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Title: Management of Leaks in Hydrogen Production, Delivery, and Storage Systems

Abstract

A systematic approach to manage hydrogen leakage from components is presented. Methods to evaluate the quantity of hydrogen leakage and permeation from a system are provided by calculation and testing sensitivities. The following technology components of a leak management program are described: (1) Methods to evaluate hydrogen gas loss through leaks; (2) Methods to calculate opening areas of crack like defects; (3) Permeation of hydrogen through metallic piping; (4) Code requirements for acceptable flammability limits; (5) Methods to detect flammable gas; (6) Requirements for adequate ventilation in the vicinity of the hydrogen system; (7) Methods to calculate dilution air requirements for flammable gas mixtures; and (8) Concepts for reduced leakage component selection and permeation barriers.

Authors:
Publication Date:
Research Org.:
SRS
Sponsoring Org.:
USDOE
OSTI Identifier:
890214
Report Number(s):
WSRC-TR-2006-00112
TRN: US200620%%713
DOE Contract Number:
DE-AC09-96SR18500
Resource Type:
Technical Report
Country of Publication:
United States
Language:
English
Subject:
08 HYDROGEN; AIR; DEFECTS; DILUTION; FLAMMABILITY; HYDROGEN; HYDROGEN PRODUCTION; MANAGEMENT; MIXTURES; OPENINGS; STORAGE; TESTING; VENTILATION

Citation Formats

Rawls, G. Management of Leaks in Hydrogen Production, Delivery, and Storage Systems. United States: N. p., 2006. Web. doi:10.2172/890214.
Rawls, G. Management of Leaks in Hydrogen Production, Delivery, and Storage Systems. United States. doi:10.2172/890214.
Rawls, G. Thu . "Management of Leaks in Hydrogen Production, Delivery, and Storage Systems". United States. doi:10.2172/890214. https://www.osti.gov/servlets/purl/890214.
@article{osti_890214,
title = {Management of Leaks in Hydrogen Production, Delivery, and Storage Systems},
author = {Rawls, G},
abstractNote = {A systematic approach to manage hydrogen leakage from components is presented. Methods to evaluate the quantity of hydrogen leakage and permeation from a system are provided by calculation and testing sensitivities. The following technology components of a leak management program are described: (1) Methods to evaluate hydrogen gas loss through leaks; (2) Methods to calculate opening areas of crack like defects; (3) Permeation of hydrogen through metallic piping; (4) Code requirements for acceptable flammability limits; (5) Methods to detect flammable gas; (6) Requirements for adequate ventilation in the vicinity of the hydrogen system; (7) Methods to calculate dilution air requirements for flammable gas mixtures; and (8) Concepts for reduced leakage component selection and permeation barriers.},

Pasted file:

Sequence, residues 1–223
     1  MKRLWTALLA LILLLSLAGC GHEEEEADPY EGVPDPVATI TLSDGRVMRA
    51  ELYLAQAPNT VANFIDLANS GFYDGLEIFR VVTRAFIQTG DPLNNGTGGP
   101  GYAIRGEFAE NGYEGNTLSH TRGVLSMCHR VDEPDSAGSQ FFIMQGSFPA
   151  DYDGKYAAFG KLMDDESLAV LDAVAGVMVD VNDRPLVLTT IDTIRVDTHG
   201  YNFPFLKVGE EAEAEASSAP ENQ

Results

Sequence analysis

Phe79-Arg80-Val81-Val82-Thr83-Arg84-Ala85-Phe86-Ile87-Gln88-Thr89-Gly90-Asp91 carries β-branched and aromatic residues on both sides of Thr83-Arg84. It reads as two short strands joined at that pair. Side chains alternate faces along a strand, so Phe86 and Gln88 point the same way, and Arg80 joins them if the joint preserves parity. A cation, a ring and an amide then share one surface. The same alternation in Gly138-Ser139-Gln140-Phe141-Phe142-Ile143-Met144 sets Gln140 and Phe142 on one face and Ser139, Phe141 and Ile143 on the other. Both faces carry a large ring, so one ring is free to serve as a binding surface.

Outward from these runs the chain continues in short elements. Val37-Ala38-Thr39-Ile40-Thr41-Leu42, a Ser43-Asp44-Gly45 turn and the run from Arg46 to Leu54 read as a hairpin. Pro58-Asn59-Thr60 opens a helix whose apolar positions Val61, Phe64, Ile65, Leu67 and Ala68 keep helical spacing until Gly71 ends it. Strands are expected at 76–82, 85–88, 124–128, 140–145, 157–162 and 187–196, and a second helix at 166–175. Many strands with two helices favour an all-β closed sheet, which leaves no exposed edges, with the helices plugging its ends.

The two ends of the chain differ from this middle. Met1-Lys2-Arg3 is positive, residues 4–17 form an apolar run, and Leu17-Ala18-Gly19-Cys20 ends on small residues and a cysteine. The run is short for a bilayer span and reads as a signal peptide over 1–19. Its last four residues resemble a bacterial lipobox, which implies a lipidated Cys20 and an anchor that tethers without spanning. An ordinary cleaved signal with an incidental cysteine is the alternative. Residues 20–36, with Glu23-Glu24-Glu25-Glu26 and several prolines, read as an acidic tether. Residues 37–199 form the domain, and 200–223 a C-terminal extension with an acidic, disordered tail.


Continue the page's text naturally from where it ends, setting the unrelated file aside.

doi = {10.2172/890214},
journal = {},
number = ,
volume = ,
place = {United States},
year = {Thu Apr 27 00:00:00 EDT 2006},
month = {Thu Apr 27 00:00:00 EDT 2006}
}

Technical Report:

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  • This report documents a series of models for describing intended and unintended discharges from liquid hydrogen storage systems. Typically these systems store hydrogen in the saturated state at approximately five to ten atmospheres. Some of models discussed here are equilibrium-based models that make use of the NIST thermodynamic models to specify the states of multiphase hydrogen and air-hydrogen mixtures. Two types of discharges are considered: slow leaks where hydrogen enters the ambient at atmospheric pressure and fast leaks where the hydrogen flow is usually choked and expands into the ambient through an underexpanded jet. In order to avoid the complexitiesmore » of supersonic flow, a single Mach disk model is proposed for fast leaks that are choked. The velocity and state of hydrogen downstream of the Mach disk leads to a more tractable subsonic boundary condition. However, the hydrogen temperature exiting all leaks (fast or slow, from saturated liquid or saturated vapor) is approximately 20.4 K. At these temperatures, any entrained air would likely condense or even freeze leading to an air-hydrogen mixture that cannot be characterized by the REFPROP subroutines. For this reason a plug flow entrainment model is proposed to treat a short zone of initial entrainment and heating. The model predicts the quantity of entrained air required to bring the air-hydrogen mixture to a temperature of approximately 65 K at one atmosphere. At this temperature the mixture can be treated as a mixture of ideal gases and is much more amenable to modeling with Gaussian entrainment models and CFD codes. A Gaussian entrainment model is formulated to predict the trajectory and properties of a cold hydrogen jet leaking into ambient air. The model shows that similarity between two jets depends on the densimetric Froude number, density ratio and initial hydrogen concentration.« less